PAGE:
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|The shortest segment of a carbon nanotube has been synthesized for the first time. The compound, called cycloparaphenylene, could usher in a new era of more efficient carbon nanotube production. Berkeley Lab is a member of the national laboratory system supported by the U.S. Department of Energy through its Office of Science. It is managed by the University of California (UC) and is charged with conducting unclassified research across a wide range of scientific disciplines. Located on a 200 acre site in the hills above the UC Berkeley campus that offers spectacular views of the San Francisco Bay, Berkeley Lab employs approximately 4,000 scientists, engineers, support staff and students. Its budget for 2008 was approximately $600 million. Studies estimate the Laboratory’s overall economic impact through direct, indirect and induced spending on the nine counties that make up the San Francisco Bay Area to be nearly $700 million annually. The overall economic impact on the global economy is an estimated $1.4 billion a year. Technologies developed at Berkeley Lab have generated billions of dollars in revenues, and thousands of jobs. Savings as a results of Berkeley Lab developments in lighting and windows, and other energy-efficient technologies, have also been in the billions of dollars. Berkeley Lab was founded in 1931 by Ernest Orlando Lawrence, a UC Berkeley physicist who won the 1939 Nobel Prize in physics for his invention of the cyclotron, a circular particle accelerator that opened the door to high-energy physics. It was Lawrence’s belief that scientific research is best done through teams of individuals with different fields of expertise, working together. His teamwork concept is a Berkeley Lab legacy that continues today.|
A compound synthesized for the first time by Berkeley Lab scientists could help to push nanotechnology out of the lab and into faster electronic devices, more powerful sensors, and other advanced technologies.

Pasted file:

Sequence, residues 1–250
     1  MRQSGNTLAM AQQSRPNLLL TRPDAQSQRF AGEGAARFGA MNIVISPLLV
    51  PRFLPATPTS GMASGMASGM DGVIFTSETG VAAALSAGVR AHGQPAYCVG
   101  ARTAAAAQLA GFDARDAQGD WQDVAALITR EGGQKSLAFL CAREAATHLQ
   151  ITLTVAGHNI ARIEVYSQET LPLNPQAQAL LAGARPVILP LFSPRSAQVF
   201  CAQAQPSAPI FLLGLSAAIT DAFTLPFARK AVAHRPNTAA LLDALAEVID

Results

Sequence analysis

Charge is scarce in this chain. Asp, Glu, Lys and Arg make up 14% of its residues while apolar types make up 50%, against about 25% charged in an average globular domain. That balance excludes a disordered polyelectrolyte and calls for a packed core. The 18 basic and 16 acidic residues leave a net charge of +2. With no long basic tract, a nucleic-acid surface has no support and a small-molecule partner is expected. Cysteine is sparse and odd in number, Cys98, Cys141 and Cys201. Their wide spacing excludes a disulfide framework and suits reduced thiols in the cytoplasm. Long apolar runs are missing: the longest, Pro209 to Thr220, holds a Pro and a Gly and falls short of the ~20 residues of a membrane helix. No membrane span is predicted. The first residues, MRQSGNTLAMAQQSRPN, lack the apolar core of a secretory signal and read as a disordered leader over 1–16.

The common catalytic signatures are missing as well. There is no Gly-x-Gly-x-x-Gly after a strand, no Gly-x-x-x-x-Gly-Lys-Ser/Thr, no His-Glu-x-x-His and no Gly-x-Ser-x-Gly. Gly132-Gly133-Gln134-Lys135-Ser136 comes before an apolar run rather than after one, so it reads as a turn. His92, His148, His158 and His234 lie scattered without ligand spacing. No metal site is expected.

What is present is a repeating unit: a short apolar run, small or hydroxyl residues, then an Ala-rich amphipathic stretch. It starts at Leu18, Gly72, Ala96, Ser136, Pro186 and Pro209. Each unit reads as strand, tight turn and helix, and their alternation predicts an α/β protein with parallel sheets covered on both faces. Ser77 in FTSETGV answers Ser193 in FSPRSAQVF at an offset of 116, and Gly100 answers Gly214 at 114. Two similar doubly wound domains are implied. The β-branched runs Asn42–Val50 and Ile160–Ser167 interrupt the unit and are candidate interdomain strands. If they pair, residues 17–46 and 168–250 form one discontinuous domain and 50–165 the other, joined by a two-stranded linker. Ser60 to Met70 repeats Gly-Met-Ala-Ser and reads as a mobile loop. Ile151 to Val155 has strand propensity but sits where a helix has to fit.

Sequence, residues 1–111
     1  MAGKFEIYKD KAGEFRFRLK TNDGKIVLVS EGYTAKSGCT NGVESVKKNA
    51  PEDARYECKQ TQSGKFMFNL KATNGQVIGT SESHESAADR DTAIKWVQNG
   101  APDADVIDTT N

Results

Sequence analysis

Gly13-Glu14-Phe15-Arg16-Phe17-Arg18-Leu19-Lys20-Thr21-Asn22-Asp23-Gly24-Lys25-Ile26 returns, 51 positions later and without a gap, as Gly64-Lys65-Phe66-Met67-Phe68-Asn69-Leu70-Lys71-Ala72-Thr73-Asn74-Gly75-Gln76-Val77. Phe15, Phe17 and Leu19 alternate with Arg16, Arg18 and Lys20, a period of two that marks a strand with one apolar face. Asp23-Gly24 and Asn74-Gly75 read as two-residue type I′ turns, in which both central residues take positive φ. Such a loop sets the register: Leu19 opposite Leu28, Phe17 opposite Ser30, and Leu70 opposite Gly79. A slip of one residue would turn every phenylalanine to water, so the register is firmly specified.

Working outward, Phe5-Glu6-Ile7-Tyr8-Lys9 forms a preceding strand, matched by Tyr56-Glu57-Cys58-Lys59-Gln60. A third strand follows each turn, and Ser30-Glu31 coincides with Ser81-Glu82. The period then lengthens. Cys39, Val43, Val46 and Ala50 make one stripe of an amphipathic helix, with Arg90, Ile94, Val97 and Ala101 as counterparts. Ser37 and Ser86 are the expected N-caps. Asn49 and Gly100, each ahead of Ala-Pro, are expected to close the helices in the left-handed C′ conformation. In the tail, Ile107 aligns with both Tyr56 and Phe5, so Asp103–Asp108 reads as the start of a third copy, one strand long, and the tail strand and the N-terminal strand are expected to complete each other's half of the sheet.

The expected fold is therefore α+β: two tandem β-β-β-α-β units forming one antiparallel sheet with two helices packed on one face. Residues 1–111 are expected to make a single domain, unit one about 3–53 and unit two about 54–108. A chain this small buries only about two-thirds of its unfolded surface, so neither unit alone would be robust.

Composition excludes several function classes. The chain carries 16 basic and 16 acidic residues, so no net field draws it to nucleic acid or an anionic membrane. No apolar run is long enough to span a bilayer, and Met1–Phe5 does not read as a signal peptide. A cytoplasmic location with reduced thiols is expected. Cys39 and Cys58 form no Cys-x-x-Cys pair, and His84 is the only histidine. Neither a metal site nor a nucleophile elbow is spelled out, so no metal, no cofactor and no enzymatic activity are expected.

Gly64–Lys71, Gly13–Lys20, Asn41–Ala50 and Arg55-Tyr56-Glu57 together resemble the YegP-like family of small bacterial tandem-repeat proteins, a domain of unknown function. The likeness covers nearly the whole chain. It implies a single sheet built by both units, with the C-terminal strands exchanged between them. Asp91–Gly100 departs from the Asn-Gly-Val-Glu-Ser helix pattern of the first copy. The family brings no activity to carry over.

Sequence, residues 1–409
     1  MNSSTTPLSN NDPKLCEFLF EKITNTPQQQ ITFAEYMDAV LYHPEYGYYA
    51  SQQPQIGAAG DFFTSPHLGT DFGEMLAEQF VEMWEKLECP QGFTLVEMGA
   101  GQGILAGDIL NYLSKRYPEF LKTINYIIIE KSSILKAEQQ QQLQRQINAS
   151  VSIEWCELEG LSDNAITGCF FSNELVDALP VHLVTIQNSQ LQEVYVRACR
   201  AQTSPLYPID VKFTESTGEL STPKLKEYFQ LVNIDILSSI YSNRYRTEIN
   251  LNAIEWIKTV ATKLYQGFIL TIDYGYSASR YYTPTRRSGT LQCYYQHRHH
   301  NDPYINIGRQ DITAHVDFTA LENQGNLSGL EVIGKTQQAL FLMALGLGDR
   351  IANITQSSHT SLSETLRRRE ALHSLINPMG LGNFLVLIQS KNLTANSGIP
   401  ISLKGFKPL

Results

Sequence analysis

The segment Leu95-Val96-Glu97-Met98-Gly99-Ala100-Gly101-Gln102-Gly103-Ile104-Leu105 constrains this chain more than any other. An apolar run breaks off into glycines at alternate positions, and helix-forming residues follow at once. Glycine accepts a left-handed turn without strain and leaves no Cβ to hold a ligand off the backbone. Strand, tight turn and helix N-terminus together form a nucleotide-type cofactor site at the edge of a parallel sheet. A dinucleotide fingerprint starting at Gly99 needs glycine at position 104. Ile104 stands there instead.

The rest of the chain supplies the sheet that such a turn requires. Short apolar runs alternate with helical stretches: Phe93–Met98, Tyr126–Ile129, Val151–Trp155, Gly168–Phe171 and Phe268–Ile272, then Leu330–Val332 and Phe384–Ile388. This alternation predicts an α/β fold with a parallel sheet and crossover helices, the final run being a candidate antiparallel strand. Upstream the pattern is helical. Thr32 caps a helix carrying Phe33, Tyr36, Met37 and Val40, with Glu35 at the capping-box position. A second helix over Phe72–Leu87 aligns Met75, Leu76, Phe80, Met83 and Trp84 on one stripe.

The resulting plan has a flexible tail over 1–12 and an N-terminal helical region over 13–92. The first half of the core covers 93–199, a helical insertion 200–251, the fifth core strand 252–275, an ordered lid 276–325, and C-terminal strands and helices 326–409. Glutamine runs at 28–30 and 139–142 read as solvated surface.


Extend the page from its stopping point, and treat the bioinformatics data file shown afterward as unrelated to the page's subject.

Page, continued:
The scientists developed a hoop-shaped chain of benzene molecules that had eluded synthesis, despite numerous efforts, since it was theorized more than 70 years ago.
The much-anticipated debut of the compound, called cycloparaphenylene, couldn't be better timed. It comes as scientists are working to improve the way carbon nanotubes are produced, and the newly synthesized nanohoop happens to be the shortest segment of a carbon nanotube. Scientists could use the segment to grow much longer carbon nanotubes in a controlled way, with each nanotube identical to the next.
"The holy grail in this field is to come up with a way to make a single type of carbon nanotube on demand," says Ramesh Jasti, a postdoctoral researcher in Berkeley Lab's Materials Sciences Division. "And this compound moves us toward this goal of rational synthesis."
Jasti conducted the research at the Molecular Foundry, a U.S. Department of Energy User Facility located at Berkeley Lab that provides support to nanoscience researchers around the world. He worked with Carolyn Bertozzi, director of the Molecular Foundry, as well as other Berkeley Lab scientists.